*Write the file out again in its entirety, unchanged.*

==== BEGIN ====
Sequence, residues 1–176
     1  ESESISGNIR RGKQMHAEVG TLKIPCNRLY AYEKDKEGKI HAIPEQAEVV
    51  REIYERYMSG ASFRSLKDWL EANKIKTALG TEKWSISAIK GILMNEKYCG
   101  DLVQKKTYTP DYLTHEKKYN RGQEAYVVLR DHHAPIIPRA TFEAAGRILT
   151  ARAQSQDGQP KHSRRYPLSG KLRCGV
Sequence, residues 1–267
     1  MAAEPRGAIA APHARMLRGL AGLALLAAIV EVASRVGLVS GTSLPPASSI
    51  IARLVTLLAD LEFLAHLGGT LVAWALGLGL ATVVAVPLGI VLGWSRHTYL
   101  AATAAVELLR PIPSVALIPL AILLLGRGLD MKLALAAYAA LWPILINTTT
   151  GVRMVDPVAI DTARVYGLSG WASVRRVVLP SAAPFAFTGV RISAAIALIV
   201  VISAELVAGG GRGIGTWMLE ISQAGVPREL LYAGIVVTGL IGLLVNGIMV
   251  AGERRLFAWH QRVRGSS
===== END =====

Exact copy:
Sequence, residues 1–176
     1  ESESISGNIR RGKQMHAEVG TLKIPCNRLY AYEKDKEGKI HAIPEQAEVV
    51  REIYERYMSG ASFRSLKDWL EANKIKTALG TEKWSISAIK GILMNEKYCG
   101  DLVQKKTYTP DYLTHEKKYN RGQEAYVVLR DHHAPIIPRA TFEAAGRILT
   151  ARAQSQDGQP KHSRRYPLSG KLRCGV
Sequence, residues 1–267
     1  MAAEPRGAIA APHARMLRGL AGLALLAAIV EVASRVGLVS GTSLPPASSI
    51  IARLVTLLAD LEFLAHLGGT LVAWALGLGL ATVVAVPLGI VLGWSRHTYL
   101  AATAAVELLR PIPSVALIPL AILLLGRGLD MKLALAAYAA LWPILINTTT
   151  GVRMVDPVAI DTARVYGLSG WASVRRVVLP SAAPFAFTGV RISAAIALIV
   201  VISAELVAGG GRGIGTWMLE ISQAGVPREL LYAGIVVTGL IGLLVNGIMV
   251  AGERRLFAWH QRVRGSS